You say trope like it’s a bad thing..
What’s a trope?
- a : a word or expression used in a figurative sense : figure of speech
b : a common or overused theme or device : cliché <the usual horror movie tropes>
- : a phrase or verse added as an embellishment or interpolation to the sung parts of the Mass in the Middle Ages
Despite the erroneous definitions already published here, TROPE on the interwebs really refers to an often overused plot device. It can also be described as another variation on the same theme. TV shows, movies, comics, games, anime’, & books are full of tropes & many rabid fan-sites now name & track said tropes with a self-explanatory title for each one.
Not all tropes are bad, until Hollywood gets stuck on one.
Why do writers love tropes? Because they work. Even when they’re tired and overworked, they are distilled code, and we can automatically decode all the bigger references and pieces there. Until we can’t—we just can’t take any more. (We need another Superman movie? Really?)
Take the romance novel genre. Arguably the most successful literary genre in the past hundred years, it has spawned untold numbers of subgenres from historical to paranormal to contemporary to erotic and everything in between as long as there is a happily-ever-after. The audience is reportedly insatiable, with readers commonly churning through a book a day, but they WILL turn ugly if cheated of their rightful HEA. It won’t be pretty.
I’ve heard a lot of theories, from biology (women get turned on between their ears, while men focus a bit further south) to sociology (the patriarchal system is depressing, so romance novels provide a coping mechanism) to anthropology (society has evolved into social misogyny that approves the message in romance novels).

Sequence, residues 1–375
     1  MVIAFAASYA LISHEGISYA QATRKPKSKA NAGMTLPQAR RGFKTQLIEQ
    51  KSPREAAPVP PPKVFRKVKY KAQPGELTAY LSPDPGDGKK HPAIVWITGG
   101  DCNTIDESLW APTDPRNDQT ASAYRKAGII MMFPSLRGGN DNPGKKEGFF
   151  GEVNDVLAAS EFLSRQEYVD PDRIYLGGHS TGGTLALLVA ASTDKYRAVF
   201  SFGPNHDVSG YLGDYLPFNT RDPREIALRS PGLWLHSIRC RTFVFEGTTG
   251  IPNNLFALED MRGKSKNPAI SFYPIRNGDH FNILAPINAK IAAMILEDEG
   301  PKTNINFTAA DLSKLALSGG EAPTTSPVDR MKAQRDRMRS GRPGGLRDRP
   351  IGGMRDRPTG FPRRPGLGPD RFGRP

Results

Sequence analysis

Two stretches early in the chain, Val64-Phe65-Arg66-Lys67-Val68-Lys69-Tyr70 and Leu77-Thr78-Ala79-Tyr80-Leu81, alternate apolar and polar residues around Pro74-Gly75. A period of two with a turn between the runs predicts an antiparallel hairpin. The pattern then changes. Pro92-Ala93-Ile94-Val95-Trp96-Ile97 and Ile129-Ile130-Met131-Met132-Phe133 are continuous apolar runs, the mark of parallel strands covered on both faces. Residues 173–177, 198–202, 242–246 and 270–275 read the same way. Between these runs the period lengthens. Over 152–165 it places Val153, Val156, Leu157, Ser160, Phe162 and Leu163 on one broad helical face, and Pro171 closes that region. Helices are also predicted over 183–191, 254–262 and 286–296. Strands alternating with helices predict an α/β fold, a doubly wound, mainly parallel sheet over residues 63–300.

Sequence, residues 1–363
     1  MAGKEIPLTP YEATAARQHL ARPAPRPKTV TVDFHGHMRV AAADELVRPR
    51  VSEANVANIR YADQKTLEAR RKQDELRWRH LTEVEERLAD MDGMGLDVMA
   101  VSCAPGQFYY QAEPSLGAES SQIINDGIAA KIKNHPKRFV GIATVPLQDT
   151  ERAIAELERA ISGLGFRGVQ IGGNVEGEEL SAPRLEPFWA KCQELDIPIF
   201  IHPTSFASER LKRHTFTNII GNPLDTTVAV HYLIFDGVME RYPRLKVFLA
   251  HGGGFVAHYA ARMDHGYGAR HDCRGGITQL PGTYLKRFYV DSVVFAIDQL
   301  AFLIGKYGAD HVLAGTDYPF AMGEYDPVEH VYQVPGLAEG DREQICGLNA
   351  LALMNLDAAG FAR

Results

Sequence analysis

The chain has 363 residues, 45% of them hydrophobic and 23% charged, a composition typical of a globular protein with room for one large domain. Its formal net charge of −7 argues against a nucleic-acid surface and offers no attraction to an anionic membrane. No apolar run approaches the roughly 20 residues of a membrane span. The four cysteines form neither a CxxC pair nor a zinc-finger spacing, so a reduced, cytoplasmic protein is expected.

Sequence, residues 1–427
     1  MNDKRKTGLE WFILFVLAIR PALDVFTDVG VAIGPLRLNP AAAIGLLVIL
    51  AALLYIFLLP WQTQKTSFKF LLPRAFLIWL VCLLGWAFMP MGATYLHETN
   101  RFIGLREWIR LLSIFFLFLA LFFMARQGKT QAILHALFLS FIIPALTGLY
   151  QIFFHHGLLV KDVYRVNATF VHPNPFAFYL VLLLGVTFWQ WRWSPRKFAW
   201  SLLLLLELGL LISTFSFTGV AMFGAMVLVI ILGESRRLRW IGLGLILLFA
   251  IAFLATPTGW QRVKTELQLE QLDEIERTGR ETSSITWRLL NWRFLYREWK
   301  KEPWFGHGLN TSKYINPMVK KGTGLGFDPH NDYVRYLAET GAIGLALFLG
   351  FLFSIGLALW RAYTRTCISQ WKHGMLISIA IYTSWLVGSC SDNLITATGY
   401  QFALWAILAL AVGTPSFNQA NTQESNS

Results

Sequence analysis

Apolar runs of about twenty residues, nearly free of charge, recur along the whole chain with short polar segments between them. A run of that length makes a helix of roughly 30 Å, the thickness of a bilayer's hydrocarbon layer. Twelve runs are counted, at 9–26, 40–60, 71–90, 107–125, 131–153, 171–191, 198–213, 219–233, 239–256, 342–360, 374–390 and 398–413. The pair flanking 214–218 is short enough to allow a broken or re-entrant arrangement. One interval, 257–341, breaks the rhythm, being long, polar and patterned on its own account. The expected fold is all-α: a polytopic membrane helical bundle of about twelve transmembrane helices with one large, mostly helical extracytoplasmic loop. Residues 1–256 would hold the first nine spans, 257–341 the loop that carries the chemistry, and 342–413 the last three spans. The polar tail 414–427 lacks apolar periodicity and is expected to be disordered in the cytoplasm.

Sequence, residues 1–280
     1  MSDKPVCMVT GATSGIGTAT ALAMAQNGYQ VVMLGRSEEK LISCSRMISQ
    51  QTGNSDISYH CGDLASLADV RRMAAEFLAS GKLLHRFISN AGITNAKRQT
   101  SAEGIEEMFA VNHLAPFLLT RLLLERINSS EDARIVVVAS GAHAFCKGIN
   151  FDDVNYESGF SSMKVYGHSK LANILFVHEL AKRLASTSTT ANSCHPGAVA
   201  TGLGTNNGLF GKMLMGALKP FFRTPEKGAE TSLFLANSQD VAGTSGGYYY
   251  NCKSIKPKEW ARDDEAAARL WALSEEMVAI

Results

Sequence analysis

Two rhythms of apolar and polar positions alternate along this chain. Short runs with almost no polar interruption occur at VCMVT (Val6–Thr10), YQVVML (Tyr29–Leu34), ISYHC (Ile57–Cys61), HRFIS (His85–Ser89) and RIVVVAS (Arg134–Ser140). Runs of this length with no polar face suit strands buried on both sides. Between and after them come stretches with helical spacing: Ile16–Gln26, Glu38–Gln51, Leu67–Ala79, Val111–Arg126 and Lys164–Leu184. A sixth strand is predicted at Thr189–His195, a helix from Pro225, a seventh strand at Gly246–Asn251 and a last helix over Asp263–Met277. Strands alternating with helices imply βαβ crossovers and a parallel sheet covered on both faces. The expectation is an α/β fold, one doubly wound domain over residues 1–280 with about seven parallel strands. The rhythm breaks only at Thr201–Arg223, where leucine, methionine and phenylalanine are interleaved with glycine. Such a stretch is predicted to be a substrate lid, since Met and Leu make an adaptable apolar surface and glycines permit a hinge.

But here’s a thought. Maybe romance as a genre is popular because it’s just that good.
Even if, as Sturgeons’ law tells us, “90% of everything is crud”, that still leaves vast treasures in the top 10%. Of course, that bottom 90% used to be hidden by the traditional publishing industry which kept its finger in the proverbial dyke. With electronic publishing, floodgates opened to an ocean of romance novels at every level of quality.
And maybe that’s the answer. Like restaurants, demand can be at a variety of levels from budget-priced fast serve to the most refined gourmet palate. As long as it meets the basic requirements of the genre—that happily-ever-after—romance novelists can laugh all the way to the bank, and romance fans will never go hungry.
Hey! (I thought you were going to talk about tropes?)
Well, yes. Yes I was. Because just like we can count on hearing “Would you like fries with that?” at a fast food restaurant, we can expect certain recurring tropes from romance novels. (See how I brought us back on task, boys and girls? That’s because I’m a professional writer. Don’t try this at home.) For example, take a look at my review (here) of author Cindy Dorminy’s In A Jam. She presented a romance that ticked off all the tropes yet also managed to be funny and entertaining. I decided to go back and look at her earlier release, Left Hanging, to see how she approached a by-the-book romance.
As a nurse and single mom, Darla Battle hides her loneliness behind a smile. But when she discovers that the new cute doctor everyone is talking about is her daughter’s father, she knows she needs to keep her distance from the man who abandoned her and their child, Stella.
When Theo Edwards returns to Nashville to finish his medical training, he never expects to run into Darla, a girl he spent one night with seven years ago. For reasons he can’t fathom, her attitude toward him is frosty, but he still hopes to ignite the spark they once felt.
Once Darla realizes Theo doesn’t know he’s Stella’s father, she has no idea how to tell him the truth. And the longer she waits, the more difficult it becomes. When the situation spins out of control, can the two come together for the sake of their daughter? Or is forgiveness out of reach.
In reviewing Left Hanging, author Cindy Dorminy’s first novel, I noticed the ways she used some of the genre’s more common tropes. She doesn’t waste time in letting readers know where the book is heading. From the first paragraph, we know that shy nursing student Darla is attracted to pre-med frat boy Theo. Together they escape a typical frat party to play games. No, not those kind of games. Assigning each other nicknames of Romeo and Juliet, they play childhood games like tic-tac-toe and hangman. Okay, you’re right. Then they play those other kinds of games. Only, the building catches fire and somehow they’re separated before ever learning each other’s real names.